Jon Lester has put it in no uncertain terms: he's willing to offer the Red Sox a discount in order to stay in Boston.
It's been better than a month since we first heard that Lester might be willing to leave money on the table, but at the time the quotes weren't completely clear. Lester said he wanted to stay in Boston, and knew that likely meant a team-friendly deal in the same vein as Dustin Pedroia's, but he never quite put the two together and confirmed he'd be willing to give the Sox a discount.
It's pretty hard to misinterpret this, however:
It's like Pedey. He left a lot of money on the table to stay here. That's what he wanted to do. I understand that. That's my choice, that's his choice.
I understand that to stay here you're not going to get a free-agent deal. You're not going to do it. You can't. It's not possible. You're bidding against one team. I understand you're going to take a discount to stay. Do I want to do that? Absolutely.
It all sounds like great news for the Red Sox, but...
But just like they want it to be fair for them, I want it to be fair for me and my family.
A discount is, of course, a relative thing. It all depends on what the baseline value is for Lester in free agency, which is something that an extension would keep a mystery. That baseline has been the center of some debate recently thanks to some big-name contract signings, with both Masahiro Tanaka and Clayton Kershaw breaking the bank in the past week.
Jon Lester really doesn't fit into either of those brackets. The Yankees went over-the-top on Tanaka with dreams of acquiring one of the best pitchers in baseball, not unlike the Red Sox with Daisuke Matsuzaka all those years ago. There's a good deal of uncertainty that comes from signing a pitcher who has never played in America, but with that uncertainty comes the chance for incredible heights. And Kershaw...well, it's hard to compare anyone in the game to Kershaw.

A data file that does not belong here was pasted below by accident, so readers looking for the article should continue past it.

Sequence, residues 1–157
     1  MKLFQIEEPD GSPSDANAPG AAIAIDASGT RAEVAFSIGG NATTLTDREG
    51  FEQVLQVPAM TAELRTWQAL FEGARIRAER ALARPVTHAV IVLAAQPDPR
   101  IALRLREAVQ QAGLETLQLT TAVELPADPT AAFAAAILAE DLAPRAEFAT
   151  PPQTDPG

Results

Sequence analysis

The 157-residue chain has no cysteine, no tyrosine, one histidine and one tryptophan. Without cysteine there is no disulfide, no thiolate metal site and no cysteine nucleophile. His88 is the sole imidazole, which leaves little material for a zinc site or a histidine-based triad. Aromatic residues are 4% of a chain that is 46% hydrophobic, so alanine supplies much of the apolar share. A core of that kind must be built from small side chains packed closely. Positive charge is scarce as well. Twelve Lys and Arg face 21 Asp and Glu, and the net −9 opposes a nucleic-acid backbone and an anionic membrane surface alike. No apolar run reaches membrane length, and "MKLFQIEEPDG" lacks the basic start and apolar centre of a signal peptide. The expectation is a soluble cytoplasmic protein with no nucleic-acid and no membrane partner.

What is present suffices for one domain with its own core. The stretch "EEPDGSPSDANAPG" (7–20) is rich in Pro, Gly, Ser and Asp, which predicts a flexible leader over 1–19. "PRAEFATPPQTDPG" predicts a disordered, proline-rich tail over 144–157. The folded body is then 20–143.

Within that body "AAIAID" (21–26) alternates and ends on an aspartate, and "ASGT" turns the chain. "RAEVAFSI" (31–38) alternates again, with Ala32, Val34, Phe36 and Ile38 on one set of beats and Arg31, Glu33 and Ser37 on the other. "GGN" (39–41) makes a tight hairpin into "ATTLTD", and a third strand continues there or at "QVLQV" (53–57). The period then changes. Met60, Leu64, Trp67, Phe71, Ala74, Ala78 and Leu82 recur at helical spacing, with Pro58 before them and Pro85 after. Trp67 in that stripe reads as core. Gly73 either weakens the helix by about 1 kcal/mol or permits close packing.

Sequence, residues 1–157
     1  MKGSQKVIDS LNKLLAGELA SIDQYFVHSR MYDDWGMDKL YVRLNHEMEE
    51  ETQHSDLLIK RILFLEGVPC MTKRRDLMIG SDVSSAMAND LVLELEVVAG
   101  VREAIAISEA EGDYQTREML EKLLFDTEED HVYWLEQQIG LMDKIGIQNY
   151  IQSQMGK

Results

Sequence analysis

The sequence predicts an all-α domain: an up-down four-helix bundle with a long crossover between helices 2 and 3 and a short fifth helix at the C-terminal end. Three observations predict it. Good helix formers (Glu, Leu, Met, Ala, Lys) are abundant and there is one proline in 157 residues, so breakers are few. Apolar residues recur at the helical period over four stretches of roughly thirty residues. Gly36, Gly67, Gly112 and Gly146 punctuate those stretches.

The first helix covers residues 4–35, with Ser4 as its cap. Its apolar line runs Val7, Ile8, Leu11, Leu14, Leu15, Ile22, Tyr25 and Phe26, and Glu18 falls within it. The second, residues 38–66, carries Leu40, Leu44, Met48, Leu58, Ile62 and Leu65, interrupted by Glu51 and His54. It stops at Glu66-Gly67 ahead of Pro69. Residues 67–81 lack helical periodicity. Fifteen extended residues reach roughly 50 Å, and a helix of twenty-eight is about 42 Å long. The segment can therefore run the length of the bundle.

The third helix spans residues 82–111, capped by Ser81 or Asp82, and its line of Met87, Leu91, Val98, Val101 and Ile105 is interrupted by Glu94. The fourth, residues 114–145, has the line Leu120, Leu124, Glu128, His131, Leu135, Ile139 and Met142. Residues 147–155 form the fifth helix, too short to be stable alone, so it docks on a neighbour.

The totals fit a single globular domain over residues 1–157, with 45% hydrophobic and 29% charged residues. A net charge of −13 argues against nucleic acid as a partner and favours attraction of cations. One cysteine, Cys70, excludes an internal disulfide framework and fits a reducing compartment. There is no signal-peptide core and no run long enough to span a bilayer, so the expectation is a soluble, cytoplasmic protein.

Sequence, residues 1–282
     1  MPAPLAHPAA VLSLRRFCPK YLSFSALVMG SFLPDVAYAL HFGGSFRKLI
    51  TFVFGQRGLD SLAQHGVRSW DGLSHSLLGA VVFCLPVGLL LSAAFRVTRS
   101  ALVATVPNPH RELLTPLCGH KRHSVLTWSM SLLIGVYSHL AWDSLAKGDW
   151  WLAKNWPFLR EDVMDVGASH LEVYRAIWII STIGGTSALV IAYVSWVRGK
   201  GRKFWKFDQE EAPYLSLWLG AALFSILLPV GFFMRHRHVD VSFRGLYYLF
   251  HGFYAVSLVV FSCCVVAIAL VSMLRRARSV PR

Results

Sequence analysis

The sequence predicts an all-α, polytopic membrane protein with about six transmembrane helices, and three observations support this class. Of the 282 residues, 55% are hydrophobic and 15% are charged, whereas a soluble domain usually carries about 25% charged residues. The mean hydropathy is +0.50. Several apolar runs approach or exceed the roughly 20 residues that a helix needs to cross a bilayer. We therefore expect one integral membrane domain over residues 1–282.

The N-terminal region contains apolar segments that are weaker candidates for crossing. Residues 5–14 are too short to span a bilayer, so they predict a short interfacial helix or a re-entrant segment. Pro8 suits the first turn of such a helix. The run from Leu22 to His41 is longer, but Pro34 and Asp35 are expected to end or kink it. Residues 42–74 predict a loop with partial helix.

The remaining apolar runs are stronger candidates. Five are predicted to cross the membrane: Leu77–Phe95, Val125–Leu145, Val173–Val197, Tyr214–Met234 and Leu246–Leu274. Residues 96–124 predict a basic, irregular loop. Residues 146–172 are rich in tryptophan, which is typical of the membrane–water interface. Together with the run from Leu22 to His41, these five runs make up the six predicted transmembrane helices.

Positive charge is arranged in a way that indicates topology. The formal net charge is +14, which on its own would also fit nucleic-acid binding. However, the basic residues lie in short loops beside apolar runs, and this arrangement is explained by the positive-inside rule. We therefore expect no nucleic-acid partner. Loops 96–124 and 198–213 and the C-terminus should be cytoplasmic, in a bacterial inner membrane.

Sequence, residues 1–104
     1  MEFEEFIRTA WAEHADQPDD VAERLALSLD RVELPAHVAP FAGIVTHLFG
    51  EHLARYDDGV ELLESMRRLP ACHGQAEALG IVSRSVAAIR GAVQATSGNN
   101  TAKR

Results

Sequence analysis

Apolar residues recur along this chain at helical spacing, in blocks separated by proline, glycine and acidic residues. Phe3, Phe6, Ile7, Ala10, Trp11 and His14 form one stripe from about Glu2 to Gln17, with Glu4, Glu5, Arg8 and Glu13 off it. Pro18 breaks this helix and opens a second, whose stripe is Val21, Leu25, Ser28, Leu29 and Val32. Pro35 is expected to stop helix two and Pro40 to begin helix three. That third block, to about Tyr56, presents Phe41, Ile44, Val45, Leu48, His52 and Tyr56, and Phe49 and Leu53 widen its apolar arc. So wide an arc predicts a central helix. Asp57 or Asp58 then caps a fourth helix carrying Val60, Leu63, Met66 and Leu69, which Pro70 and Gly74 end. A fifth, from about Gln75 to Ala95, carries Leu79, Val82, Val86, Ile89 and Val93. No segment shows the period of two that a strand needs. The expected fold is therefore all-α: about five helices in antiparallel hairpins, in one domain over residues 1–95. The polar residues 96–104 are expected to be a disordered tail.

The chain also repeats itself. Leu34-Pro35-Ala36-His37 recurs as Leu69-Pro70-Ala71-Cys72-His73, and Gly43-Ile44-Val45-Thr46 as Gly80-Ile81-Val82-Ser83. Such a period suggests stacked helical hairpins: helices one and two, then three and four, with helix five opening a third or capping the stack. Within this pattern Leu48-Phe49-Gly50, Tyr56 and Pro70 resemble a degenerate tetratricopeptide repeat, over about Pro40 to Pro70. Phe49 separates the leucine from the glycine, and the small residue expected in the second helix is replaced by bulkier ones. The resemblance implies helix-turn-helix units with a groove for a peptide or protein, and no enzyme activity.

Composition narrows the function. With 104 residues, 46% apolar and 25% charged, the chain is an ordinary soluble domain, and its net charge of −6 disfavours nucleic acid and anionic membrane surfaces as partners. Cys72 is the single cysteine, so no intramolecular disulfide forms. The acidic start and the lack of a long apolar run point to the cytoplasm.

That's not to say Lester isn't good, but his 2012 season was a wreck, and even in a resurgent 2013 he wasn't nearly as good as he had been from 2008 to 2011. A big playoff performance has perhaps boosted his perceived free agent value higher than it should be, considering that Matt Garza might sign for four years and $52 million (that particular deal is in limbo at the moment). It's hard to imagine that Lester is looking to give the Red Sox a discount on that price.
If Lester views himself as a top-line free agent, then even at a discount his price might be more than what the Red Sox are willing to pay. If he views himself somewhere between that and the level Matt Garza could be placing himself at, then it's a lot easier to see the two sides come together. His flexibility will help, but the situation still comes down to two price points: Boston's maximum, and Lester's minimum. And there's no guarantee those two will overlap.